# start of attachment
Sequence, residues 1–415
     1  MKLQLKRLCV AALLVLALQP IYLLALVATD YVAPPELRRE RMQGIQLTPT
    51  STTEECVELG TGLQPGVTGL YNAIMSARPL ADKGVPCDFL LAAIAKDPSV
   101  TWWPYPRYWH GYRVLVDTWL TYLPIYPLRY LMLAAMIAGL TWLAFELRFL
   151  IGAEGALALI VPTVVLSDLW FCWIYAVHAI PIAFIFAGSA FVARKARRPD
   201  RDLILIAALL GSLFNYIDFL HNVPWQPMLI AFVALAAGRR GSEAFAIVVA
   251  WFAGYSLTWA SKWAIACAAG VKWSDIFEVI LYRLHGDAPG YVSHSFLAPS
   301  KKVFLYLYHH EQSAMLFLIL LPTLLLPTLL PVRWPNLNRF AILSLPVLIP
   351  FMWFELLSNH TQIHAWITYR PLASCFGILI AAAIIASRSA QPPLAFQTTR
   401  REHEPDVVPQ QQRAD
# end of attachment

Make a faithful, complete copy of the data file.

Sequence, residues 1–415
     1  MKLQLKRLCV AALLVLALQP IYLLALVATD YVAPPELRRE RMQGIQLTPT
    51  STTEECVELG TGLQPGVTGL YNAIMSARPL ADKGVPCDFL LAAIAKDPSV
   101  TWWPYPRYWH GYRVLVDTWL TYLPIYPLRY LMLAAMIAGL TWLAFELRFL
   151  IGAEGALALI VPTVVLSDLW FCWIYAVHAI PIAFIFAGSA FVARKARRPD
   201  RDLILIAALL GSLFNYIDFL HNVPWQPMLI AFVALAAGRR GSEAFAIVVA
   251  WFAGYSLTWA SKWAIACAAG VKWSDIFEVI LYRLHGDAPG YVSHSFLAPS
   301  KKVFLYLYHH EQSAMLFLIL LPTLLLPTLL PVRWPNLNRF AILSLPVLIP
   351  FMWFELLSNH TQIHAWITYR PLASCFGILI AAAIIASRSA QPPLAFQTTR
   401  REHEPDVVPQ QQRAD